How to Scan the Negatives With a Flatbed Scanner

By Morgan Rush

A flatbed scanner is a terrific tool when it comes to manipulating and preserving old photographs and negatives. Photographers have been carefully storing negatives in archival quality sleeves and envelopes for years, but it's not a foolproof security method. Excessive heat or humidity can cause discoloration or flocking, according to Black and White Lab, an online photography resource. And an accidental house fire, flooding and theft can mean the negatives are lost forever. Fortunately, scanning the negatives with a flatbed scanner permits digital archiving and backup in case the originals become unusable. Digital copies of negatives also make for easier sharing via personal web pages or email.

Things You'll Need

  • Negatives
  • Flat-bed scanner
  • Lint-free cloth
  • Dry compressed air
  • Computer
  • Scanning software

Step 1

Clean the glass of the flatbed scanner carefully, removing any smudges or fingerprints from previous scans with a lint-free cloth. Such marks will scan along with the negatives, creating a muddy image. If working in a long, continuous scanning session, take a break every 50 scans or so to re-clean the flatbed scanner's surface, according to Scan Café.

Step 2

Clean the negatives, if necessary. Avoid touching the negatives with bare fingers or harsh cleaning supplies. Instead, use a soft cloth to gently wipe away any smudges or fingerprints, or use dry compressed air.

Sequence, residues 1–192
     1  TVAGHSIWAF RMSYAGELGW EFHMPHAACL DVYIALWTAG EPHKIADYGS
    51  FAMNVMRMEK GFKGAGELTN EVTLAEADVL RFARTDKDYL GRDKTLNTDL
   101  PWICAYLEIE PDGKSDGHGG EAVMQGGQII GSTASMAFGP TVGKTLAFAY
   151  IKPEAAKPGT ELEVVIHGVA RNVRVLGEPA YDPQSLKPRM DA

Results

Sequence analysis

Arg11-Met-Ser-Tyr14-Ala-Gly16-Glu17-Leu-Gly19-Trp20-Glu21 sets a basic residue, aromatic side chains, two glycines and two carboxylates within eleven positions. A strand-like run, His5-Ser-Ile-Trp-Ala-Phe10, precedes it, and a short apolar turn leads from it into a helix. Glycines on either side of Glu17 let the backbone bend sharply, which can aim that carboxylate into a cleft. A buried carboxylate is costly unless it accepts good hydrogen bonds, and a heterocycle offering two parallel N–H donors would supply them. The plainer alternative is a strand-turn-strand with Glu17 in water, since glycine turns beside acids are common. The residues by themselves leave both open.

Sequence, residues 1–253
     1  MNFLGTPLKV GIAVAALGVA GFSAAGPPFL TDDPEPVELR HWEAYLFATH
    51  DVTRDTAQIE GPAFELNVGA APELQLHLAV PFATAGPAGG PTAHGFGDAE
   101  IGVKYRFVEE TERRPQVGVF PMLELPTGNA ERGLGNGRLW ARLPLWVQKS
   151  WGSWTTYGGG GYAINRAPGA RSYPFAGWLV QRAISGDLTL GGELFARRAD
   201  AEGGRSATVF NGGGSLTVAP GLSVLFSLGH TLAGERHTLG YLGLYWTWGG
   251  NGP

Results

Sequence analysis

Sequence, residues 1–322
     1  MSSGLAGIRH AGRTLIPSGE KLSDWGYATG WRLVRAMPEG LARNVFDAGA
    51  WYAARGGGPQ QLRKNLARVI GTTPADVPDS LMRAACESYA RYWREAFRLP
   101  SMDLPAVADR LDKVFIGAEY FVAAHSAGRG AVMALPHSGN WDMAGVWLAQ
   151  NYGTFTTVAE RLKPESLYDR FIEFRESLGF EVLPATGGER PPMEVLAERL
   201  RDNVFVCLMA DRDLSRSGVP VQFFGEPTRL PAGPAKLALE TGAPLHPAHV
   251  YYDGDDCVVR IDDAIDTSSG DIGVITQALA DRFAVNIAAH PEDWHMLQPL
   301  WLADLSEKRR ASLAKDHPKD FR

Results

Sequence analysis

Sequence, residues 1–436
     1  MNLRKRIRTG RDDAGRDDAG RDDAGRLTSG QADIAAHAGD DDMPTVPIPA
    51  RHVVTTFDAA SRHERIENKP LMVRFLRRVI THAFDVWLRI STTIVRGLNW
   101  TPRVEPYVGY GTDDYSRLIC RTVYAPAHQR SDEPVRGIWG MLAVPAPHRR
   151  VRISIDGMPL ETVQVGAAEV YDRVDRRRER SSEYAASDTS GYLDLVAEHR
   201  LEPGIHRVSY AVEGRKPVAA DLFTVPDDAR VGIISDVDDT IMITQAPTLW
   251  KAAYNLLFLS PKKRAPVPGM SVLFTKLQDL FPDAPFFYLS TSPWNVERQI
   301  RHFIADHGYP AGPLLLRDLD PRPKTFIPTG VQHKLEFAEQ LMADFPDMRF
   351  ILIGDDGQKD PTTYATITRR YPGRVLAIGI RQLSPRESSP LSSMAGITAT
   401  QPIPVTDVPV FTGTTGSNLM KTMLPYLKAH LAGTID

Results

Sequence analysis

Step 3

Place the negatives on the flatbed scanner's surface, positioning it according to the scanner's printed directions. For example, some flatbed scanners may direct users to place items in the upper-left-hand corner of the scanning screen.Complete the scan according to the flatbed scanner's directions and any prompts from a personal computer's scanning or photo manipulation software. Most scans should be completed at a resolution setting of 3,000 dpi, according to Scan Café. Once the scan is complete, carefully review the image. If the image appears to be blurred or otherwise unsatisfactory, complete the scan again.

Step 4

Repair the image using a personal computer's scanning or photo manipulation software to remove any discoloration, scratches, fading or other flaws.

Step 5

Save the repaired negatives. Scan Café recommends saving files in a JPG format, although professionals may choose to save files in much-larger TIFF formats.

Tips & Warnings

  • It's possible to scan two negatives strips at a time if they're placed so that the flatbed scanner can detect that they're separate items, according to Scan Café. These can be saved as separate files.
  • Disable any photo manipulation software that automatically removes perceived scratches on the negatives scanned, as this will sometimes blur the negative. It's better to complete manipulations by hand.
  • Avoid blowing on the negatives prior to scanning in the hopes of cleaning them. The sudden humidity could damage the negatives, according to Scan Café.